A day in the life of the Hocak Worak
(Written by Tracy Pecore - Editor)
On January 18, the newsletter staff took a detour from everyday Hocak Worak operations and travelled to Madison to tour the Wisconsin Historical Museum and Wisconsin Historical Society. Years upon years of history are stored at the Wisconsin Historical Society; from ancient arrow heads to a fully beaded bandolier bag that was sold for only six dollars in 1915, to baskets made by Ruth Cloud in 1986 that still have their beautiful color today as if it was still new, an old pair of woman’s moccasins decorated with silk that were donated to the museum in 1955, and a pair of moccasins made by Mountain Wolf Woman, also known as Stella Stacy. The Hocak Worak staff also saw the Treaty of 1837.
The opportunity to visit allowed us to see the above stated artifacts, which brought back many memories. Each piece shown had an extra little story and family history to all of us. Although we were only able to see a handful of Ho-Chunk artifacts dated back before the 1900’s, there are still over 300 pieces in storage that have already been photographed and cross-referenced with name, date, and any other information they were able to obtain to describe the piece.
Many of the artifacts have been donated or purchased from non-Ho-Chunk tribal members. For example, an old wood pipe stem was presented to Colonel Zachary Taylor (commanding officer at Prairie Du Chien from 1829-1837), by Winnebago Chief Decorah. Walter E. Jones donated the pipe to the State Historical Society of WI in 1857.
The below stories were also available to view in the archives section, and thought you’d be interested. If you ever get a chance, stop and check it out; you could be there for hours just reading old letters and stories of the Ho-Chunk people in the society’s archives.
The Story of Devils Lake
By Ulysses S. White, Winnebago Indian, of WI Rapids, WI
The Winnebago formerly had their winter quarters on the north shore of Devils Lake, 3 miles south of Baraboo. In those days a young Winnebago went on a fast. Then fasting was the only thing they depended on. In fasting, the Indians put up a wigwam out where no one could bother the person who was fasting. As a general rule no one was allowed to visit it, excepting the old men, warriors and medicine men, or those who had experience in fasting and had been blessed by some spirit. These can advise him. He fasts in order that he may be blessed by certain spirits and become a warrior or medicine man among his people. Fasting months are December, January, February and March. In the summer time the Indians fast just as the corn is ripe.
This particular young man and his people put up a wigwam on the south shore of the Lake, where the C. & N.W. Ry. Tracks now are. He was blessed by a water spirit. This spirit told the young Winnebago to come to the Lake, that the water spirit would there show himself to him on a certain day. He would tell him what medicine to use to heal general sickness, what war paint to use, etc.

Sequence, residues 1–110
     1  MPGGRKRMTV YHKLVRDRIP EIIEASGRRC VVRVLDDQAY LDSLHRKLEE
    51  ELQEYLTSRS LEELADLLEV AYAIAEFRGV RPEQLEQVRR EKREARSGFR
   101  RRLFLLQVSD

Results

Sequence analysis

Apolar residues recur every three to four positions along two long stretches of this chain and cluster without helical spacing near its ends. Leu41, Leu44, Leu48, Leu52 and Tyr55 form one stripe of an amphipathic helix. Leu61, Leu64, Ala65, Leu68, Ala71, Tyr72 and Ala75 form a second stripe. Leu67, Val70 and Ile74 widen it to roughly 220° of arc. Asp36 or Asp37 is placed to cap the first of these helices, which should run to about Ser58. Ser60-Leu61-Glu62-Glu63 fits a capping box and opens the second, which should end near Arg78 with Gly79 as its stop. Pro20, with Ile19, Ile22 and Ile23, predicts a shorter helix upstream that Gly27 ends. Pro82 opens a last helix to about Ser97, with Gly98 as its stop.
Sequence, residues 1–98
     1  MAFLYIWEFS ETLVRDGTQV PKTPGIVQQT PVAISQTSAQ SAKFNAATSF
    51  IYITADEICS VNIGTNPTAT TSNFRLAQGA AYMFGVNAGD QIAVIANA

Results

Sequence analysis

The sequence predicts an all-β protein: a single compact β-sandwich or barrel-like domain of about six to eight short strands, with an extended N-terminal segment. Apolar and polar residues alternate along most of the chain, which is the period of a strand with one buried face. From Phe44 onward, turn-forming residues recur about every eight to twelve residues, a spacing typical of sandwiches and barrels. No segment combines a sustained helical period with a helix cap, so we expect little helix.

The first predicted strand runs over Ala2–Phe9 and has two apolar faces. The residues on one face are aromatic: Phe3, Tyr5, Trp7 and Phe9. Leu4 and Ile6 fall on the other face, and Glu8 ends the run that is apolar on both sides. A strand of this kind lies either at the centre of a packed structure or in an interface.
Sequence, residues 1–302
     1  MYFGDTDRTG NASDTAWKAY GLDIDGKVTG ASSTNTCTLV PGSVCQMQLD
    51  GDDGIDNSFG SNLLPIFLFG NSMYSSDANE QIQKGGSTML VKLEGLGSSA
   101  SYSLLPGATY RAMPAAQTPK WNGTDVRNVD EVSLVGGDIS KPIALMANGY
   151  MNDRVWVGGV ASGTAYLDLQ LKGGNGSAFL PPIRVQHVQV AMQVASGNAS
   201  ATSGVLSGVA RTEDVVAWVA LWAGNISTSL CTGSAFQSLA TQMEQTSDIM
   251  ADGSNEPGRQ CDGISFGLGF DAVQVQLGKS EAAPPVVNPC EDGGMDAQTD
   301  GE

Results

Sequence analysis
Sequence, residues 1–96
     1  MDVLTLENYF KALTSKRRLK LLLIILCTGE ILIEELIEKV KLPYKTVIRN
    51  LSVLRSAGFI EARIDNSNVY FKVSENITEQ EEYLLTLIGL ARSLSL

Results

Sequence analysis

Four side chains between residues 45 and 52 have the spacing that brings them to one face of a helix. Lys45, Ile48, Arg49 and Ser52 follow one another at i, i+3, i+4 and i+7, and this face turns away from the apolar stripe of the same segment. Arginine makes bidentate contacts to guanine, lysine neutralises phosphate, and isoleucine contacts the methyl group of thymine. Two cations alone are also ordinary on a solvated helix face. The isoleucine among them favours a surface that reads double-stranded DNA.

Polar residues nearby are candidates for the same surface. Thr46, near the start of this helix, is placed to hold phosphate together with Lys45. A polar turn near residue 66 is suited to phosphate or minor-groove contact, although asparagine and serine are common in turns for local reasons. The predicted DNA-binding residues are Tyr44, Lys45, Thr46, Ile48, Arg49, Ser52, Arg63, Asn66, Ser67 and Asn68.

When the day came the young Winnebago came to the lake near the place where was fasting, on the southeast shore of the lake. The day was clear, nothing but blue sky above. At noon the water of the lake began to move and become wavy. Then the water spirit appeared and the waters became quiet.
There was a small cloud moving towards them from the west. Just as soon as this cloud came above them a streak of lightning from the sky struck the water spirit and he was raised from the water; all of the water coming up with him like gum or syrup. From this the water spirit could not separate himself. A thunder bird did the striking, the thunderbird and the water spirit being enemies; they struggled for some time, pulling each other four times into and above the lake.
The Thunder bird said to the young man, “My Brother, shoot this water spirit for me. He is getting me exhausted. He may take my life. I will bless you with everything I have control of above and on the earth.” (These Winnebago were a thunder clan.)
The young Indian had a bow and arrows but he was confused because each of them wanted him to kill the other. The water spirit said, “Don’t shoot me. If you shoot me don’t ever come near any water on this earth. This Thunder bird should have blessed you long ago. He knows that you were fasting all winter.” The Thunder bird said, “Don’t mind him. He is not the only one who has water. I have water too.”
But finally the young Winnebago shot the Thunder bird who was drawn down until he could be heard under the water. Then a great thunder storm came from the west and lightning struck all around the lake bluffs. The cliffs were all struck, and the rocks rolled down as we now see them. The young man received many blessings from the water spirit. This is the reason why the Winnebago call this lake by a name meaning holy lake or sacred lake. But the white people call it Devils Lake.
February 17, 1930